Internet: Safety

(asked on 19th May 2021) - View Source

Question to the Department for Digital, Culture, Media and Sport:

To ask the Secretary of State for Digital, Culture, Media and Sport, whether safety duties relating to content that is harmful to adults announced as part of the Online Safety Bill in the Queen's Speech 2021 will include content on and related to (a) suicide and (b) self-harm.


Answered by
Caroline Dinenage Portrait
Caroline Dinenage
This question was answered on 28th May 2021

Under the new legal duty of care, in-scope companies will need to remove and limit the spread of illegal content and activity online. This includes illegal content which encourages or incites suicide online, with all companies expected to take swift and effective action against such content.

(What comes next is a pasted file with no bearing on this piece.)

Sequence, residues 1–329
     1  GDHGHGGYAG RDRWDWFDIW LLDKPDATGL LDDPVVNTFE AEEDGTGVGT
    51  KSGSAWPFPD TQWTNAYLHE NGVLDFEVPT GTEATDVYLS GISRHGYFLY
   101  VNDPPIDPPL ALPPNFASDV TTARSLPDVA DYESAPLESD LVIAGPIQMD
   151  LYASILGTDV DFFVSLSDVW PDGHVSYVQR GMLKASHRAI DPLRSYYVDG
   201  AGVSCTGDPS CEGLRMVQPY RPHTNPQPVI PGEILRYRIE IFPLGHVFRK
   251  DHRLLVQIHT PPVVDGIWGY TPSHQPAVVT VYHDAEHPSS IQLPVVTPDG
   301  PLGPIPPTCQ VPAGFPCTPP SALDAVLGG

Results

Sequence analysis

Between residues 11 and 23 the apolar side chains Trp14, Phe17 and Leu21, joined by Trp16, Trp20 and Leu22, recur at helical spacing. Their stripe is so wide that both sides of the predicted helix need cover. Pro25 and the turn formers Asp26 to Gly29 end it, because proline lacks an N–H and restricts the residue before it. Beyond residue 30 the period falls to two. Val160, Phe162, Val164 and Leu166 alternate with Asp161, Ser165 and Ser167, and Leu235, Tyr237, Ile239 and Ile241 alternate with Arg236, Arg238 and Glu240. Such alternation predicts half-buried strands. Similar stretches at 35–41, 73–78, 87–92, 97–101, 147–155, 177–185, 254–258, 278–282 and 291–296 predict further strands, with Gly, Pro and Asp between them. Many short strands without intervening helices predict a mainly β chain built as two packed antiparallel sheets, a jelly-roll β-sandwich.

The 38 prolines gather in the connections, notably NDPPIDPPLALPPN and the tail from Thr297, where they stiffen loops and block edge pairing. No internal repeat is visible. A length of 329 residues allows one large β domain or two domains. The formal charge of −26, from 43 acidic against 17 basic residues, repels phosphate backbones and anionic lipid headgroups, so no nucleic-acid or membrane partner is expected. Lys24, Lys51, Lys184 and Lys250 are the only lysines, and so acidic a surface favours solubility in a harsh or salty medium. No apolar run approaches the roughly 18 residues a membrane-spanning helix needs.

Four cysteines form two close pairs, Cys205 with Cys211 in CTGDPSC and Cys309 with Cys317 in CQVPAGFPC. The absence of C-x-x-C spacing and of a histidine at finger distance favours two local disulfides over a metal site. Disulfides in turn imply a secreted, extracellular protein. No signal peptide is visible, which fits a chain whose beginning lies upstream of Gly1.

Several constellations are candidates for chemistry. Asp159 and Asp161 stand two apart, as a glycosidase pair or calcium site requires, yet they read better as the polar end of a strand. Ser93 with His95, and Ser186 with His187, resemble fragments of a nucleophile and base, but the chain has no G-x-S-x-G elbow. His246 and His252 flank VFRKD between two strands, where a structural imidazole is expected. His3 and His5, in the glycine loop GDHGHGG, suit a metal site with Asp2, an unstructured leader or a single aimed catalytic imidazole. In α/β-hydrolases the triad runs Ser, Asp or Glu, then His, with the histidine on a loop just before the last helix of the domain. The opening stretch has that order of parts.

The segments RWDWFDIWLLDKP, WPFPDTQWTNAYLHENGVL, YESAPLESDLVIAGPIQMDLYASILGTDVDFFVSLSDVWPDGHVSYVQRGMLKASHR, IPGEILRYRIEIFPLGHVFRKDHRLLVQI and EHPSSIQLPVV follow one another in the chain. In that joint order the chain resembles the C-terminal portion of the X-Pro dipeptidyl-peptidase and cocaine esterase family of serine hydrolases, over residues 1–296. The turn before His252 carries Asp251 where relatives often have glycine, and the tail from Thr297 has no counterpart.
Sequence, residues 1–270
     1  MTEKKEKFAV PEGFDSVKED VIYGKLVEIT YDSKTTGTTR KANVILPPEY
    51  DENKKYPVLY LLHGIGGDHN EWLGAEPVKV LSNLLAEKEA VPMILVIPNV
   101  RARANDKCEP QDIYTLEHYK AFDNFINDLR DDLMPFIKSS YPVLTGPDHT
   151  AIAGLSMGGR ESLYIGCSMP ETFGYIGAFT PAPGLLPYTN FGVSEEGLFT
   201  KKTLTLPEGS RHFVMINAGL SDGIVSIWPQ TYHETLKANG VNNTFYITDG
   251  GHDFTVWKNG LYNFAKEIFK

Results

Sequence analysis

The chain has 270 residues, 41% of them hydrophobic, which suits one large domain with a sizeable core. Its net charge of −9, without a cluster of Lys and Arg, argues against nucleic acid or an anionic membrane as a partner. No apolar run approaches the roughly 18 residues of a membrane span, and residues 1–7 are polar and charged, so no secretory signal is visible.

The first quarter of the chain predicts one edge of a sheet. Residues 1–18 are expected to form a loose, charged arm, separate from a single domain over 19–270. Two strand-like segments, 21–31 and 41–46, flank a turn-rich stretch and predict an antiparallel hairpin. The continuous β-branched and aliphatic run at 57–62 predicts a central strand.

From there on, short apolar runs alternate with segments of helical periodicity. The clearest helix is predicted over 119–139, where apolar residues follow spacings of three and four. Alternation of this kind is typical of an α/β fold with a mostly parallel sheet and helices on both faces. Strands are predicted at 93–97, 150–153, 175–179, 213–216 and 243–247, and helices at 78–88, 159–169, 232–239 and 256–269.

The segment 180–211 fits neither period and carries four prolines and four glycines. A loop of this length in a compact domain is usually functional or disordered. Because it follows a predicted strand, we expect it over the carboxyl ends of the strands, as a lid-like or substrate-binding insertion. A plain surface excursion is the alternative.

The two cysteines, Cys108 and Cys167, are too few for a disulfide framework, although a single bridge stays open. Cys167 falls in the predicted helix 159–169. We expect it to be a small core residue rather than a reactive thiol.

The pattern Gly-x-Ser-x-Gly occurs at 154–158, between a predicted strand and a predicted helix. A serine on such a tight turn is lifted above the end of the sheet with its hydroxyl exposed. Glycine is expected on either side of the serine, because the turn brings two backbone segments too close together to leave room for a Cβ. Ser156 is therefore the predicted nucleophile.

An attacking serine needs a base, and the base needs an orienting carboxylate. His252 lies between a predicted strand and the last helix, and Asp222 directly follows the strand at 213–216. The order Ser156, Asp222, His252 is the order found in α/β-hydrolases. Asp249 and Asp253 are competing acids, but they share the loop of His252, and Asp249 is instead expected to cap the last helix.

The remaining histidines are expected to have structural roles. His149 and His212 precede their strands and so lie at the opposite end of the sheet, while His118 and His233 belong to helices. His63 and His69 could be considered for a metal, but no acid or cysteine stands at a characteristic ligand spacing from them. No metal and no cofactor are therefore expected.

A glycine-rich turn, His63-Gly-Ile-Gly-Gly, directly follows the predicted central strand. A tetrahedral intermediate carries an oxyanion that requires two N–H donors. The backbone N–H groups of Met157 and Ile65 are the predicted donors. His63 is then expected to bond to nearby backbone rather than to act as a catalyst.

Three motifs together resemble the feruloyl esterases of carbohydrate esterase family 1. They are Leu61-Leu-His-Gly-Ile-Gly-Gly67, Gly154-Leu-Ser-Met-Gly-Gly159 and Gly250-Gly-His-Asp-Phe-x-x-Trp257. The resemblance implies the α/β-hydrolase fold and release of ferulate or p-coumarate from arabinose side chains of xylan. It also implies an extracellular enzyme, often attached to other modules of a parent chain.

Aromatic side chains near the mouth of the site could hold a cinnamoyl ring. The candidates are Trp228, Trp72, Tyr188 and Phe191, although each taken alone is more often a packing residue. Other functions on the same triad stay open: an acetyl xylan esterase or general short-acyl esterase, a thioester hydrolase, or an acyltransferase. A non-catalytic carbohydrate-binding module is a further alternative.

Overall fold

In addition, companies whose services have high-risk functionalities and which have the largest audiences will also be required to take action on content which is legal but which may cause harm to adults such as material which relates to self-harm or suicide. These companies will need to set out in clear terms and conditions what is acceptable on their services, and enforce those terms and conditions consistently and transparently.

We are also ensuring that criminal law is fit for purpose to account for harmful and dangerous communications online. The Department for Digital, Culture, Media and Sport has sponsored a Law Commission review of harmful online communications. As part of this review, the Government has also asked the Law Commission to examine how the criminal law will address the encouragement or assistance of self harm. We know there is a strong case for making this sort of appalling content illegal. The Law Commission have consulted on their proposed reforms and will produce final recommendations by summer 2021.

This content was generated for your convenience by Parallel Parliament and does not form part of the official record.
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